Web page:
By Guy F. White
“You have to have a catcher because if you don’t, you’re likely to have a lot of passed balls” – Casey Stengal
With that wisdom, catchers have played a large part in painting the Mets persona over the years, almost from day one. In the 1961 expansion draft, the Mets drafted their very first player. Hobie Landrith. A catcher from the San Francisco Giants. Who, like the 1962 Mets, sucked. The Mets have been chasing catchers ever since – even obtaining catcher Harry Chiti in 1962 from the Cleveland Indians for a player to be named later. A little more than two months later, the Mets announced that the player to be named later was in fact, catcher Harry Chiti, making Chiti the only player in baseball history to be traded for himself (the harsh New York media accused the Mets of getting screwed over in the deal).
Catchers do more to create a team’s cohesion than any other position. The only player that faces all his teammates on the field and the only player who can position himself out of bounds in ANY sport, the catcher is the leader and field general. If you have a good catcher with balls, then you have a tough team on the field. When Jason Varitek told Alex Rodriguez that the Red Sox don’t throw at puny .260 hitters, you have to believe that the rest of Red Sox Nation did a collective “Hell Yeah!!!” I even remember John Stearns of the lowly Mets knocking the crap out of Dave Parker on a home plate collision in 1979. The Mets still sucked, but they were tough about it. Casey was right, you need a tough, bad-ass catcher to set the tone for you team.
Never mind the pitching, every time the Mets have been in the postseason, it has come at the capable hands of an outstanding, if not Hall of Fame, catcher. In 1969 and 1973 it was Jerry Grote (who no less than Johnny Bench said, “the rest of us are hitters who catch; Grote is a catcher who hits). Fast forwarding to glorious 1986 . . . Hall of Famer Gary Carter. The Kid. Two home runs in Game Three? Take THAT Boston!! Fast forwarding yet again to 1999 and 2000, the idea of Mike Piazza shaking that shattered bat at Roger Clemens in Game Two of the Subway Series thrills me while the spectre of Piazza hitting that first home run after 9/11 makes me want to cry every time. Paul LoDuca was an all star in 2006 who could tag out not one, but two LA Dodgers at the plate on the same play. You gotta love that. And time will tell whether the Travis d’Arnaud of 2015 and 2016 reaches any prominence to speak of.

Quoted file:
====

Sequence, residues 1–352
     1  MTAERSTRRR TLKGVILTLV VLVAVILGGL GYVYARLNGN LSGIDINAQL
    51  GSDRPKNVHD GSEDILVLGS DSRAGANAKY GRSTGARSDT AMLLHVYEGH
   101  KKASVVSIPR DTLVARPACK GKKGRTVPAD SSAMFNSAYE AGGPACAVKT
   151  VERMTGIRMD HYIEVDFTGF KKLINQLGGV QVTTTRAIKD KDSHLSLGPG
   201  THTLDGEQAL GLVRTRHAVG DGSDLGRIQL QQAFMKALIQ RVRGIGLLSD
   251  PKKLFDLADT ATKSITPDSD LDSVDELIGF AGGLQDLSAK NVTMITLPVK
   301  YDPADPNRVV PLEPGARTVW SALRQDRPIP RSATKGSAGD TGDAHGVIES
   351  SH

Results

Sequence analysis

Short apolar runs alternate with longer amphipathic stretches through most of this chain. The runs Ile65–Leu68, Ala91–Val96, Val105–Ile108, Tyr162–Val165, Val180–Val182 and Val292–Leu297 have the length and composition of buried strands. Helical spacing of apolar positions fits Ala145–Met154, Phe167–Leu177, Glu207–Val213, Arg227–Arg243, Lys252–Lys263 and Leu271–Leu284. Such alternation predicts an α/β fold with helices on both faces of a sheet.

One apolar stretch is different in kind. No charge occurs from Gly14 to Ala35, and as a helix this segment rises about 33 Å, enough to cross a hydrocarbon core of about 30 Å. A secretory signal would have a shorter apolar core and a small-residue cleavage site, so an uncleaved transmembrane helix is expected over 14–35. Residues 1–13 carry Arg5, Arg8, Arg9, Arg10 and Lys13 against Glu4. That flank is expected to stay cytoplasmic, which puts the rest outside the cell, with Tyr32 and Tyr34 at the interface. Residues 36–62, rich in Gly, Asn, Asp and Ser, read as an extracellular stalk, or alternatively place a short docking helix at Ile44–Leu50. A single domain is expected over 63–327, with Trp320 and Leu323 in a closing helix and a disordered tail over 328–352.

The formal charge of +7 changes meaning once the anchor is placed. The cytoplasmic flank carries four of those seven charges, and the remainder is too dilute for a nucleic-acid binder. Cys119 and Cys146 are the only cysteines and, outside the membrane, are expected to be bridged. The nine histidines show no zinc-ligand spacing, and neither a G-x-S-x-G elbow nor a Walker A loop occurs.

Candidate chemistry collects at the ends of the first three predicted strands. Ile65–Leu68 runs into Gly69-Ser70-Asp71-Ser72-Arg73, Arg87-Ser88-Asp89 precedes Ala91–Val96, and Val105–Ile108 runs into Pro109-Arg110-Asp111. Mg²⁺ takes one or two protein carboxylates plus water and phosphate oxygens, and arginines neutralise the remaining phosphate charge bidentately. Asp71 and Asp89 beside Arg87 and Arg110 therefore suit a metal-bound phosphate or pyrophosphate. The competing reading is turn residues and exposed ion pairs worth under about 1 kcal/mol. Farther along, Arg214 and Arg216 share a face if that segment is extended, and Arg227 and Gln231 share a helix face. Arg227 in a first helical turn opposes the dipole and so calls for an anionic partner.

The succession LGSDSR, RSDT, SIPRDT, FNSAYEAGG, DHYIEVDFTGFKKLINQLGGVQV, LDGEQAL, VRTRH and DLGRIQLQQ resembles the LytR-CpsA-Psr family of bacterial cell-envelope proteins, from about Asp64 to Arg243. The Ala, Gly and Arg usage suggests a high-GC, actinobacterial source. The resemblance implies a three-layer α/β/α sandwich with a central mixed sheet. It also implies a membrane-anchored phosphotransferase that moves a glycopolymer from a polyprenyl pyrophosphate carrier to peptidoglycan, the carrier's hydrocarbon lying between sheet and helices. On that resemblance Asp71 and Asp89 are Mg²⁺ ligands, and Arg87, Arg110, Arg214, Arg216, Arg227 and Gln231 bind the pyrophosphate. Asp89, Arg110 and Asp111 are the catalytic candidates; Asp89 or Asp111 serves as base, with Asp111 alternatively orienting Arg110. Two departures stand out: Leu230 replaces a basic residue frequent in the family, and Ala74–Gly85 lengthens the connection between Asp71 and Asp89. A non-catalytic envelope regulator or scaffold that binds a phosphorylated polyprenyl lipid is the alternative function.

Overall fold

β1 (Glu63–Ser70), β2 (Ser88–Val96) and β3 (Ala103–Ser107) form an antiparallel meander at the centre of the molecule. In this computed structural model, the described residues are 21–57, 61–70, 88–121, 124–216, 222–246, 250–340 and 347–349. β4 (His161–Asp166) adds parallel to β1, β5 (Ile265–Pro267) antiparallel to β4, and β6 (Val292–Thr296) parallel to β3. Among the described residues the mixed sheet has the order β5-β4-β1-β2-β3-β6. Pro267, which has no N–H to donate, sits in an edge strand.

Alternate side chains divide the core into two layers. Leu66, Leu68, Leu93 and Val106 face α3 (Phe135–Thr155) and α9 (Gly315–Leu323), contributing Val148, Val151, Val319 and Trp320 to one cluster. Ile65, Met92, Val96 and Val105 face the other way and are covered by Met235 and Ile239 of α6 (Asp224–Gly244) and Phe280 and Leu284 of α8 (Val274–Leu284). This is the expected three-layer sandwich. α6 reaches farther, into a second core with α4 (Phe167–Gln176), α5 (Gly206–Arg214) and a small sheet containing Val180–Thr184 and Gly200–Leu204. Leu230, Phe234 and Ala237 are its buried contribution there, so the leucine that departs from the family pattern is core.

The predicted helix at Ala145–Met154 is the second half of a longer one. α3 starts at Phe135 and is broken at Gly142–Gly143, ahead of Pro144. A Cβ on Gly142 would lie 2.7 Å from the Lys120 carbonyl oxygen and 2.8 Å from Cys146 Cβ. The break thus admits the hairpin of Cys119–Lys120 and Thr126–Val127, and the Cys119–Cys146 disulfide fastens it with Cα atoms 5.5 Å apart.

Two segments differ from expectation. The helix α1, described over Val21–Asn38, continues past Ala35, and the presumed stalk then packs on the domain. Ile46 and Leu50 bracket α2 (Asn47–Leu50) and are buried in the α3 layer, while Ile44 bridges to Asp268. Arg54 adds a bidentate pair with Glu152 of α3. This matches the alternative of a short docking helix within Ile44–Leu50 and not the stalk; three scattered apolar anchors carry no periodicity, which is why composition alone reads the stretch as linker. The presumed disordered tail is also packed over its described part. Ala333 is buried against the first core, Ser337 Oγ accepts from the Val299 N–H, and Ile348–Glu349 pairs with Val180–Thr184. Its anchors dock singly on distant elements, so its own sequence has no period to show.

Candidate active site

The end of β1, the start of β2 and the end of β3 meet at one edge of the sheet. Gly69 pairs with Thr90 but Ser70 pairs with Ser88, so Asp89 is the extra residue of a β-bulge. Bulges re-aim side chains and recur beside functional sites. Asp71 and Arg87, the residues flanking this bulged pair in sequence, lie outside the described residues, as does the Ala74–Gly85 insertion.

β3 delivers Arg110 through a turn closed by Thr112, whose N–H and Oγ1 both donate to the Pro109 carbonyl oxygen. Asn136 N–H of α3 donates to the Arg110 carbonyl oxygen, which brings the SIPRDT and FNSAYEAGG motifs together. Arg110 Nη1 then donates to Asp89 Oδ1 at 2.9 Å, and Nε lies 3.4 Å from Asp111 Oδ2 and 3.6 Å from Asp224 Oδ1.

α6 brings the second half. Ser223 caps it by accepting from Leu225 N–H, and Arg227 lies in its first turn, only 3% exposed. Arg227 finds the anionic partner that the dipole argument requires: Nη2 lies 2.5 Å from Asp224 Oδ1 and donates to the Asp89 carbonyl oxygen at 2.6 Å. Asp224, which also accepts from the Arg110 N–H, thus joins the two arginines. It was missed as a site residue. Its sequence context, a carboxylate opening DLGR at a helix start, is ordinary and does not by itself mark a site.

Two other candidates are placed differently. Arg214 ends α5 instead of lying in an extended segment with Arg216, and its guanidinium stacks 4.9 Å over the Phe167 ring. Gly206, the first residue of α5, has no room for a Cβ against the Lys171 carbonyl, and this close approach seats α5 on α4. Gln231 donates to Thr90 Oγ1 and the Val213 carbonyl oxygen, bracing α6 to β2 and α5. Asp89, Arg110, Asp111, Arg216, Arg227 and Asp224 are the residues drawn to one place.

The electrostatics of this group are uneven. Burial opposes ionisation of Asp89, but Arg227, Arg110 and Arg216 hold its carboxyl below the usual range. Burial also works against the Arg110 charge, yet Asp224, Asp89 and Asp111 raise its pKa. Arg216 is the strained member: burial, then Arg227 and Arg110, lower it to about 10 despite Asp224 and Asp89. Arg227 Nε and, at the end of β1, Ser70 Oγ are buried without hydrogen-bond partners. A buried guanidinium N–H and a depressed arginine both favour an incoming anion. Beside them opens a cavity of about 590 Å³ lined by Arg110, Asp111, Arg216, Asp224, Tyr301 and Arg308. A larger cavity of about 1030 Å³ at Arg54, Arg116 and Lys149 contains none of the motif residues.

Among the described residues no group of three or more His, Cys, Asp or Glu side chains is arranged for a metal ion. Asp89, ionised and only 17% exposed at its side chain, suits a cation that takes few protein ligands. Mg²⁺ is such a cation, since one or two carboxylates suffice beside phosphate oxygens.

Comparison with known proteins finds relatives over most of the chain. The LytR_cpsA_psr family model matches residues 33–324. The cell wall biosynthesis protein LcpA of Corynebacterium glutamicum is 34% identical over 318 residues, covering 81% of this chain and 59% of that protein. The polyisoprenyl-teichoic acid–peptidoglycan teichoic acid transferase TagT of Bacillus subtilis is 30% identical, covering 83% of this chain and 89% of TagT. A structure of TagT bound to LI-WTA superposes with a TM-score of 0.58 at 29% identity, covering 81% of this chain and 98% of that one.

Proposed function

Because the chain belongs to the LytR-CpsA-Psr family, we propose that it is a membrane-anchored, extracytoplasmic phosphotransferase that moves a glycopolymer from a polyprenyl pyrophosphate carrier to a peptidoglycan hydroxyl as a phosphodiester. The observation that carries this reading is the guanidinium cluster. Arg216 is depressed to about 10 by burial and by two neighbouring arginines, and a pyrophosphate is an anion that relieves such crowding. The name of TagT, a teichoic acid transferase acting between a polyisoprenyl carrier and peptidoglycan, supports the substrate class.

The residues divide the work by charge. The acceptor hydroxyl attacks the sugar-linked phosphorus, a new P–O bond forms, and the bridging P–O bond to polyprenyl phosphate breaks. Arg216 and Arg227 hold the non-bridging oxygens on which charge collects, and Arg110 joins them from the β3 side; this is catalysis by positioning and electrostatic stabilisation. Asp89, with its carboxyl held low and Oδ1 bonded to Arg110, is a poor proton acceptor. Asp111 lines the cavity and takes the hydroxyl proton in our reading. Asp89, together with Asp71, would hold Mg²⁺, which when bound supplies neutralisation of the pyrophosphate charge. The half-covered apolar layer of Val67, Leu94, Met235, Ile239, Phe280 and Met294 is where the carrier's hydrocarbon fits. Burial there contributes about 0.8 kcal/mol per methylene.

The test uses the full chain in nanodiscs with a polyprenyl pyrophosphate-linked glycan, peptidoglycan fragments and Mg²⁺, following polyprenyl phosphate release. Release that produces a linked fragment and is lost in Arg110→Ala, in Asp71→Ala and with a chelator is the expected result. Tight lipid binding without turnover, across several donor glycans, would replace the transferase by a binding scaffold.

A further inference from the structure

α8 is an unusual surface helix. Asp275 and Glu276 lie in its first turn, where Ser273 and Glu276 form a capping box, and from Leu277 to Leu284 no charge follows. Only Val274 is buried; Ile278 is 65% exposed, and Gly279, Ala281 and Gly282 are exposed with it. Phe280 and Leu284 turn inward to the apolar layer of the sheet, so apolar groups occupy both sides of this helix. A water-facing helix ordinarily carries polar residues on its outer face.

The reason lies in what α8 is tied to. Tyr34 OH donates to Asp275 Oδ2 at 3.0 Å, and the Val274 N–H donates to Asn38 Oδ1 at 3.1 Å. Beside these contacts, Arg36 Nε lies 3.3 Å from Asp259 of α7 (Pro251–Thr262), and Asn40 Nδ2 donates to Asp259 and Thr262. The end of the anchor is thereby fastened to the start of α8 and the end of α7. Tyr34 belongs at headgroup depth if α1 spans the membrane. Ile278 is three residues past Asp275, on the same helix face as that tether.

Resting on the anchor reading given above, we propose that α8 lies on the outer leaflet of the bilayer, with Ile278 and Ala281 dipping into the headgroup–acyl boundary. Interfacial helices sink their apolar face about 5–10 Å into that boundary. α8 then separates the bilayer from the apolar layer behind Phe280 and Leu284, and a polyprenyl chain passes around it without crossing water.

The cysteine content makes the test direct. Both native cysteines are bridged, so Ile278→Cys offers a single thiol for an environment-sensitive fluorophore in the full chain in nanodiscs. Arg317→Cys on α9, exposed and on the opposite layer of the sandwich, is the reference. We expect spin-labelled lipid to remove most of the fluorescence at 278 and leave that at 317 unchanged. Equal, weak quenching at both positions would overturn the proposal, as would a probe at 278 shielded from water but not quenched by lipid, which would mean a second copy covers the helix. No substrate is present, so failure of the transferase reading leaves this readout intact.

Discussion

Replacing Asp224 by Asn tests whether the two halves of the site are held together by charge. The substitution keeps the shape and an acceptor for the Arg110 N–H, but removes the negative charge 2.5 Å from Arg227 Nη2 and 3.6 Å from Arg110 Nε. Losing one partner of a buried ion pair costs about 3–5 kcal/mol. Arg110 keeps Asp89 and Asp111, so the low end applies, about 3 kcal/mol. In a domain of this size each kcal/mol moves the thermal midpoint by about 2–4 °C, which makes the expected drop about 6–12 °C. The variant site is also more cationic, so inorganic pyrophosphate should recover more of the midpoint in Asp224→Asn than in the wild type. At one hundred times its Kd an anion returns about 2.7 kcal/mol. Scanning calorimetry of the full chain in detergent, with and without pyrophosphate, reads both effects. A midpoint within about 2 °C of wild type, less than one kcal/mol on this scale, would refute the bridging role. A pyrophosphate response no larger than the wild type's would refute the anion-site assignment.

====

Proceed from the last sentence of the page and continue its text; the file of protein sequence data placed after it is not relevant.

There aren’t too many other teams that have a catching heritage the Mets have. The Yankees of course with Yogi, Bill Dickey, Elston, Thurman, and Jorge. The Dodgers with Roy Campanella and the aforementioned Piazza. Or the Reds with Bench and Ernie Lombardi. But very few other teams, and even fewer expansion teams can touch the Mets in this area. The Houston Astros who joined major league baseball the same year as the Mets? Oh please. Hell, even the Red Sox don’t have too many catchers worth a darn once you get past Carlton Fisk. Giants? Nope.
I must admit that I was sad to see Kevin Plawecki go. There aren’t too many Purdue alumni (Go Boilers!!!) in the majors and it always did my heart good to see him in the line up. But with Plawecki’s departure and with Wilson Ramos’s arrival, it occurred to me just how special catchers have always been to the Mets. Ladies and Gentlemen, with Ramos, once againthe Mets have a special catcher. A really special catcher. Maybe, just maybe, some more postseason drama will follow.
LET’S GO METS!!!!!!